“This is a clear example of how the UK will help to lead the world in standing up for human rights. We will not let those who seek to inflict pain and destroy the lives of innocent victims benefit from what the UK has to offer.”
8.35am update: Ireland Brexit trade chief lashes out at UK
The country’s EU trade commissioner Phil Hogan has said there is real “ambition” from the EU to reach a post-Brexit trade deal with the UK, but does not see that same ambition from the British side.
Speaking on RTÉ’s Brendan O’Connor programme with Damien O’Reilly, he reiterated his belief that a deal between the two sides can be agreed if the UK wants one.
But he warned there is frustration on the EU side that the good faith on both sides is not happening.
Mr Hogan said: “I still believe there will be a deal. The ambition of that deal on the European Union side is real.
“I don’t see the same ambition at the moment on the UK’s side so, the ball is in the UK’s court, if they want a deal, there is a deal to be done.”
Brexit latest: The transition period ends on December 31, 2020
8.15am update: ‘They’re OUR waters’ Brexiteer Richard Tice demands EU back down on fishing in trade talks
Brexit Party Chairman Richard Tice has demanded the UK gets its way in the new post-Brexit fishing deal due to one key point.
During an interview with Express.co.uk, Mr Tice claimed the fact the fish reside in the UK’s waters mean the EU cannot expect to get the same treatment as when Britain was a member of the European Union.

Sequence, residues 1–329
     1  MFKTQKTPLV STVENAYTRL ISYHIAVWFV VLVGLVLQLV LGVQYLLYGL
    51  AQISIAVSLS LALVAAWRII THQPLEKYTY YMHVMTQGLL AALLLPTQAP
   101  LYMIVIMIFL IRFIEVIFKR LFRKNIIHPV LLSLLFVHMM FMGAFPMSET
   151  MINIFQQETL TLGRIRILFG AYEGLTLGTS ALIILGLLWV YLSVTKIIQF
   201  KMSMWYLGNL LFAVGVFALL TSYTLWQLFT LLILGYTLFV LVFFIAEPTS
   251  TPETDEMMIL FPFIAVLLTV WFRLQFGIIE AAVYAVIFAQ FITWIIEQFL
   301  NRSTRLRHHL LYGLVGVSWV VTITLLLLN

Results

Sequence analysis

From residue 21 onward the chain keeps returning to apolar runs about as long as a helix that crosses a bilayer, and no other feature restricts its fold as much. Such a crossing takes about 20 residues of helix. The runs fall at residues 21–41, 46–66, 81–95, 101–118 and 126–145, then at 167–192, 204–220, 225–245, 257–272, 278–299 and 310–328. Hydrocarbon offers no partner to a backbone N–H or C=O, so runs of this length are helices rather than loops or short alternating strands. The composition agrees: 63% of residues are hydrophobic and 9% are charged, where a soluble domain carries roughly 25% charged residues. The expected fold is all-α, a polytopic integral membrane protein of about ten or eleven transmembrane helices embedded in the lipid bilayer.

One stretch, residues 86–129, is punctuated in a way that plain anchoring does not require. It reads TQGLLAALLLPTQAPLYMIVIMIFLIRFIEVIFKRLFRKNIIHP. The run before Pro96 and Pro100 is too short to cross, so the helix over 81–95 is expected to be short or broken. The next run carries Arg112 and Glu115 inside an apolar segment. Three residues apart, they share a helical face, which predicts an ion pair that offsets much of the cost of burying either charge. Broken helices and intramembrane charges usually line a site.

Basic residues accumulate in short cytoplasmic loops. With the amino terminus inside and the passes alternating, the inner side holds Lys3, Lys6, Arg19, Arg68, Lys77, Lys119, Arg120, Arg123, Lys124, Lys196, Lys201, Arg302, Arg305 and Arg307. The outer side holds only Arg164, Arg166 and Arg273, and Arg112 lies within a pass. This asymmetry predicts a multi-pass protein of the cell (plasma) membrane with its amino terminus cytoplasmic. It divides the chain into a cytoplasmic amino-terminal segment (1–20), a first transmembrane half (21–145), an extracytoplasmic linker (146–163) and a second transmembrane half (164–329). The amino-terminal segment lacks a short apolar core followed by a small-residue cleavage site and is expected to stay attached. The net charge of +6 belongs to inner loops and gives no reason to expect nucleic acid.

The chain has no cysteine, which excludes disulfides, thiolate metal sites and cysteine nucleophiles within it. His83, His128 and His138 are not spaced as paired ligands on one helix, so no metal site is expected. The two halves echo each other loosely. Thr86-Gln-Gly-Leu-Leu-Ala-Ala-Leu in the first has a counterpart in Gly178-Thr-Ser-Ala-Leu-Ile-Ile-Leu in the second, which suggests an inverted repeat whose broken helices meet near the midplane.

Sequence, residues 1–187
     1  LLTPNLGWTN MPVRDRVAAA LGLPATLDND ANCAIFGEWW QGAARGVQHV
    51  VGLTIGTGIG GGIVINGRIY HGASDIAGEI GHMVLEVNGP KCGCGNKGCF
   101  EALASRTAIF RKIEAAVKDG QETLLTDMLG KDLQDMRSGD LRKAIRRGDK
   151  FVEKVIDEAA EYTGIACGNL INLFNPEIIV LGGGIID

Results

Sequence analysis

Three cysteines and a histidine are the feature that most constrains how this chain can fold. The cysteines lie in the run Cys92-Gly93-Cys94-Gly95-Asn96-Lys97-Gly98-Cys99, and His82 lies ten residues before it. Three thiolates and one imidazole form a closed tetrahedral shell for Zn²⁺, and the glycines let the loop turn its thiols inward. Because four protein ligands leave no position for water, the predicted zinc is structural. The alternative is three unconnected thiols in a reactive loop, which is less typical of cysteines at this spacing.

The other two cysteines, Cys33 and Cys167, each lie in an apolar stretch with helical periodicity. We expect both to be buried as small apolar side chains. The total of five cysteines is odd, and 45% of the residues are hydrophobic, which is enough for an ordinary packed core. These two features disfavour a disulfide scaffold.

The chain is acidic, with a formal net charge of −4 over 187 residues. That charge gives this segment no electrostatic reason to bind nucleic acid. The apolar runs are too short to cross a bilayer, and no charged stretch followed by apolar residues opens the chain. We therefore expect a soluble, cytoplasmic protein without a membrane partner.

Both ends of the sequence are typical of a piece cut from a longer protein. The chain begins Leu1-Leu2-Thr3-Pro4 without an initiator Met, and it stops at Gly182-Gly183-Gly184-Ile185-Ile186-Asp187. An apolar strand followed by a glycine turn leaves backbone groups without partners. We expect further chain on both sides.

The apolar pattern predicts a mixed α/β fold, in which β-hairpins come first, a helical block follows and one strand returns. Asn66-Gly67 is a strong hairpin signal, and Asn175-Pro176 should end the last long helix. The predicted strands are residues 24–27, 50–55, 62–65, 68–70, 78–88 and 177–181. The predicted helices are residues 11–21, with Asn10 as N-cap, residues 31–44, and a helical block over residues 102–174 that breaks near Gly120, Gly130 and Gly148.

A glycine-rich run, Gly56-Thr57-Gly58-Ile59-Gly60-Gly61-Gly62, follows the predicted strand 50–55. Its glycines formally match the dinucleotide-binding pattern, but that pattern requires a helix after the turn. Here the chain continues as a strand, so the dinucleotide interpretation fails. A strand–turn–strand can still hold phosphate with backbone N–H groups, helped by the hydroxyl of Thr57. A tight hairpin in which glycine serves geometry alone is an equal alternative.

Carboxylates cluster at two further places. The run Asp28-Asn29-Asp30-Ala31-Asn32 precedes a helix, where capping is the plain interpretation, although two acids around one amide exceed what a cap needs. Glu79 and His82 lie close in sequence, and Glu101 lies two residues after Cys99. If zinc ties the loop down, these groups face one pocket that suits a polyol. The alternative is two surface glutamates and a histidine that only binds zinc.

The Brexit Party chairman reflected on the importance of the fishing industry to those who live and work on the coasts in addition to Brexiteers across the country.
He said: “To put in context, for every one job at sea there are seven of eight jobs onshore.
“These jobs happen and would be created in some of the most deprived areas and who need the greatest regeneration around our coast.
“It is a huge opportunity and we must not be tempted to give it away to secure a trade deal.
“These are separate issues, these are our waters and we must take back full control and maximise this Brexit opportunity.”
8am update: Brexit talks resume in London this week
The UK and EU will begin the latest round of talks on a post-Brexit trade deal in London this week after last week’s negotiations in Brussels were cut short by a deal, triggering fears of a no deal scenario.
The UK’s chief Brexit negotiator David Frost warned the trade talks have continued to highlight “significant differences” that remain on several elements of any future agreement.
Brussels counterpart Michel Barnier insisted the EU had engaged “constructively” during post-Brexit trade talks in Brussels, and warned officials need to see an “equivalent engagement from the UK side”.
Angela Merkel, who’s country Germany took over the rotating presidency of the European Council on July 1, also warned EU member states to “prepare for the case that an agreement is not reached”.